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See also: Milieu

Contents

EnglishEdit

EtymologyEdit

Borrowed from French milieu.

PronunciationEdit

  • (US) IPA(key): /mɪl.ˈju/, /mɪl.ˈjʊ/
  • (UK) IPA(key): /ˈmiːl.jɜː/, /mɪl.ˈjɜː/
  • (from French) IPA(key): /mi.ˈljø/

NounEdit

milieu (plural milieux or milieus)

  1. Medium.
    • 2005, Tom O'Regan, Australian National Cinema, →ISBN, page 213:
      It is a film and television milieu configured by flows and transfers (of concepts, genres, styles, texts, fashions, etc.) which shape film-making, criticism and consumption in a variety of antipodal ways.
    • 2013, Brendan Ryan, Optimizing Academic Library Services in the Digital Milieu, →ISBN:
      The library as solely a physical space will not survive in the digital milieu.
    • 2013, John D. Lee, ‎Alex Kirlik, ‎& M. J. Dainoff, The Oxford Handbook of Cognitive Engineering, →ISBN, page 70:
      In the electronic milieu, accuracy is accomplished by the technology, and the appropriate strategy for judgment is likely to entail ensuring coherence within and across electronic and naturalistic components of the ecology.
    • 2016, Danna Nolan Fewell, The Oxford Handbook of Biblical Narrative, →ISBN, page 52:
      The question is, then, what is the relationship of biblical narrative to its literary milieu?
  2. Social setting or environment.
    • 1994, William Arbuckle Reid, The Pursuit of Curriculum: Schooling and the Public Interest, →ISBN, page 132:
      Confronted by the multiplicity of the milieus that could influence curriculum activity, we need some way of deciding not only what kinds of milieus should claim our attention, but also what kinds of knowledge about them we should attend to.
    • 2005, J.T. Dillon, Jesus as a Teacher: A Multidisciplinary Case Study, →ISBN, page 28:
      The unmistakable directness and violence of Jesus' action shows it to have been undertaken and executed precisely as if the milieu were indeed not there to be counted. Here again is the character of action taken in the very face of the milieu without taking any notice of it. In any event, the one certainty is that the Roman milieu, so entirely ignored by his teaching, here came conclusively to touch upon it, putting Jesus to an end.
    • 2014, Roel Meijer -, Cosmopolitanism, Identity and Authenticity in the Middle East, →ISBN, page 16:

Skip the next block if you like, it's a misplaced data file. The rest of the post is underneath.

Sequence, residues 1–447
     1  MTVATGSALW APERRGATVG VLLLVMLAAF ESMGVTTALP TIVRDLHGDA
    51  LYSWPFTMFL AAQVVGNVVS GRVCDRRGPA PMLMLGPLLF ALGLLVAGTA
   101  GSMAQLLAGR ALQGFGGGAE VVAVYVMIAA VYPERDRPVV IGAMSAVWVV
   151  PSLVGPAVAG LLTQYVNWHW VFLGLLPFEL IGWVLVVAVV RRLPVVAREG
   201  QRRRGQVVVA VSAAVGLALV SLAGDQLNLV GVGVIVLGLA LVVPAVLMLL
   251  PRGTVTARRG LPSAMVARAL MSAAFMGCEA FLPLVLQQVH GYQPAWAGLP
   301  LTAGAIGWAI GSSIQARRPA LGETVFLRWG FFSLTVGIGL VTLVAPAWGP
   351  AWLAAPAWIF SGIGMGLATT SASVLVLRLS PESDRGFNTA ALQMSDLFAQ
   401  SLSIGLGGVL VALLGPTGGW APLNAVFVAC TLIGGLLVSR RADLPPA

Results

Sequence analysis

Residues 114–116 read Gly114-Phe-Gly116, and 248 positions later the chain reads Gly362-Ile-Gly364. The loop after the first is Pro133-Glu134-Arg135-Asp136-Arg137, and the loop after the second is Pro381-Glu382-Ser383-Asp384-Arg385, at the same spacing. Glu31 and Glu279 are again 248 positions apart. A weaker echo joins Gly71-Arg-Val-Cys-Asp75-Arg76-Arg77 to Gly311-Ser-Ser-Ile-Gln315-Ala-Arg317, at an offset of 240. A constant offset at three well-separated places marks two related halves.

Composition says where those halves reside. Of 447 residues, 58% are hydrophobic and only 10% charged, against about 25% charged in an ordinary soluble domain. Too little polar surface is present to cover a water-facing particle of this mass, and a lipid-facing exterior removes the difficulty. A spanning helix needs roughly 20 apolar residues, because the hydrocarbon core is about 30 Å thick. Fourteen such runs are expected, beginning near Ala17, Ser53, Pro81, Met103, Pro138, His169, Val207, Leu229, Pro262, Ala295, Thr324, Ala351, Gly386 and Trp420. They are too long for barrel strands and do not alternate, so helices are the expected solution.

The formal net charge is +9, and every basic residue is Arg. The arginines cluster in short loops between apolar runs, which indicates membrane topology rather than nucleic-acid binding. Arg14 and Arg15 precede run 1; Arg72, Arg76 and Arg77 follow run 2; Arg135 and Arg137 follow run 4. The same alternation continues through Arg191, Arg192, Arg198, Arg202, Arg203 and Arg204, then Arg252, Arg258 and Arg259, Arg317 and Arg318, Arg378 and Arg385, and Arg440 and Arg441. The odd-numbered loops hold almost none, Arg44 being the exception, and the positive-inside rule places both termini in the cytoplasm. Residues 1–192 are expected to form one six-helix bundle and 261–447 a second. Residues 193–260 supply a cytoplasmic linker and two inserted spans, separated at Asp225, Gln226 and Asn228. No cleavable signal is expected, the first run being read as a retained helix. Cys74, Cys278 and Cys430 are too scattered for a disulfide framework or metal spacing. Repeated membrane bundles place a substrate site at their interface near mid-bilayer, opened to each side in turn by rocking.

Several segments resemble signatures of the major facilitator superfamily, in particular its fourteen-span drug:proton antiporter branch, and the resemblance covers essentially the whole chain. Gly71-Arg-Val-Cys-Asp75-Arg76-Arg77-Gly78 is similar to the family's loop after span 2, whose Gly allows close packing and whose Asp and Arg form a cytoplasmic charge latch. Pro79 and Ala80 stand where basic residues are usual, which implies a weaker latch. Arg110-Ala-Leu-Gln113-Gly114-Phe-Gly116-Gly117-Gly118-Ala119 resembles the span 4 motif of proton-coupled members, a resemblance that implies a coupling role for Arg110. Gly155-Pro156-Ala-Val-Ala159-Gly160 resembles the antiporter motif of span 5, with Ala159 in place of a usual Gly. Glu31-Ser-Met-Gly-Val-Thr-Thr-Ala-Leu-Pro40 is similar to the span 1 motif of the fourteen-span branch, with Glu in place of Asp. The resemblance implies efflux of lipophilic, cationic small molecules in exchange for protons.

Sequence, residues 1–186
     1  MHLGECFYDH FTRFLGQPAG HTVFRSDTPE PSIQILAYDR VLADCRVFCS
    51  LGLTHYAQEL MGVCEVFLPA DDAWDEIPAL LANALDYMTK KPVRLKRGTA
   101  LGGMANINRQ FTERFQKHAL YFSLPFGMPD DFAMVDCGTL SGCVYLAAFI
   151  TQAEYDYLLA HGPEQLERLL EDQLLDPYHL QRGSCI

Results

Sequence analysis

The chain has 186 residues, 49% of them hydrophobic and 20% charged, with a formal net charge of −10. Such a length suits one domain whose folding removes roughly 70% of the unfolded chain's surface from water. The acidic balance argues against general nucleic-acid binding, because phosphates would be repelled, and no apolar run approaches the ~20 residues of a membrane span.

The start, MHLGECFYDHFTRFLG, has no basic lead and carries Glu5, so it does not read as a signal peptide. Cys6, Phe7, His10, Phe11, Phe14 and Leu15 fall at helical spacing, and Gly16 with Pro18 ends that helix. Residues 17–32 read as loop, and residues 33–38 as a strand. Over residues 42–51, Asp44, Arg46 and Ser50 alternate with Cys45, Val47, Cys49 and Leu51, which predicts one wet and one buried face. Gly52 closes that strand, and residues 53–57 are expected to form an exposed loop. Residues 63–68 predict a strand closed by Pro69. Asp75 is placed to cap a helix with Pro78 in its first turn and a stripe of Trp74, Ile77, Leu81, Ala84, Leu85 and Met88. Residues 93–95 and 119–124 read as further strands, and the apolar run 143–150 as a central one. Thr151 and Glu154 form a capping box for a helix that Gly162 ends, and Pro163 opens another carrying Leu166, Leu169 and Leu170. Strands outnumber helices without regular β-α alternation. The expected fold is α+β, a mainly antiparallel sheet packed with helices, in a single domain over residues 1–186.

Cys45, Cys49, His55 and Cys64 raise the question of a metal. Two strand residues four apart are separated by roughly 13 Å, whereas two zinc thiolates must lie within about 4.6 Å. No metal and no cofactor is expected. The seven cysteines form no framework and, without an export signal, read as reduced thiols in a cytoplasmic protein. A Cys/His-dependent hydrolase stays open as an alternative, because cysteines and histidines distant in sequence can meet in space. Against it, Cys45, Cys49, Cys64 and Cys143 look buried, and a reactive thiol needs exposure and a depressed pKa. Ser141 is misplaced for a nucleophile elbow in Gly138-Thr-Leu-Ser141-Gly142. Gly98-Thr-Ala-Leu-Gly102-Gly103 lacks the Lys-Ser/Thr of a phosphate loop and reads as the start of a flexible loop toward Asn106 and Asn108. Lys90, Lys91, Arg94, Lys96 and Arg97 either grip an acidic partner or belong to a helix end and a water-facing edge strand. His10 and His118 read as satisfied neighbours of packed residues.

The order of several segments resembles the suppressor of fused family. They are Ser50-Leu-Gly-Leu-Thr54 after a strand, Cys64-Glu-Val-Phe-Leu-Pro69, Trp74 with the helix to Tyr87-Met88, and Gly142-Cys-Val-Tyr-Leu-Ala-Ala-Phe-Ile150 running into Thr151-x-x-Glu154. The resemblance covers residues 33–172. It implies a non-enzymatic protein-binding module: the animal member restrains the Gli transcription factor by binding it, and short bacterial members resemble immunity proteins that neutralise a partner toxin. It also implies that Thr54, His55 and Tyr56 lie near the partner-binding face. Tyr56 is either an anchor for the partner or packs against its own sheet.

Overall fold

Certain milieus are described as cosmopolitan. Typically these are artistic, intellectual and bohemian milieus, but also the world of international business and high finance, and some mafias and underworlds.
    • 2017, John Stewart, Attachment-Based Milieus for Healing Child and Adolescent Developmental Trauma, →ISBN:
      The vast majority of our intensive child and adolescent treatment milieus operate within an adult-centric model, wherein staff play the central role in developing, instilling and enforcing the culture; a model that places virtually all power and authority in the hands of the supervising adults.

Derived termsEdit

TranslationsEdit


DutchEdit

EtymologyEdit

Borrowed from French milieu.

PronunciationEdit

  • IPA(key): /mɪlˈjøː/
  • (file)

NounEdit

milieu n (plural milieus, diminutive milieutje n)

  1. environment
    • 2006, Hilde Greefs, Water Management, Communities, and Environment: The Low Countries in Comparative Perspective, C. 1000 - C. 1800, Academia Press, pages 195:
      Maar turfwinning had een onbedoeld gevolg voor het milieu: bodemdaling en -erosie waardoor het waterbeheer een problematisch karakter kreeg.
      But peat extraction had an unintended consequence for the environment: sinking and erosion of the soil which made water management problematic in character.
  2. milieu
    Mallet-Stevens stamde uit een gegoed milieu.Mallet-Stevens came from a well-off family.

Derived termsEdit


FrenchEdit

EtymologyEdit

mi- (mid) +‎ lieu (place)

PronunciationEdit

NounEdit

milieu m (plural milieux)

  1. middle; center
  2. setting; environment; surroundings
  3. social circle; milieu

Derived termsEdit

Further readingEdit


PortugueseEdit

EtymologyEdit

Borrowed from French milieu.

NounEdit

milieu m (plural milieus)

  1. milieu (a person’s social setting or environment)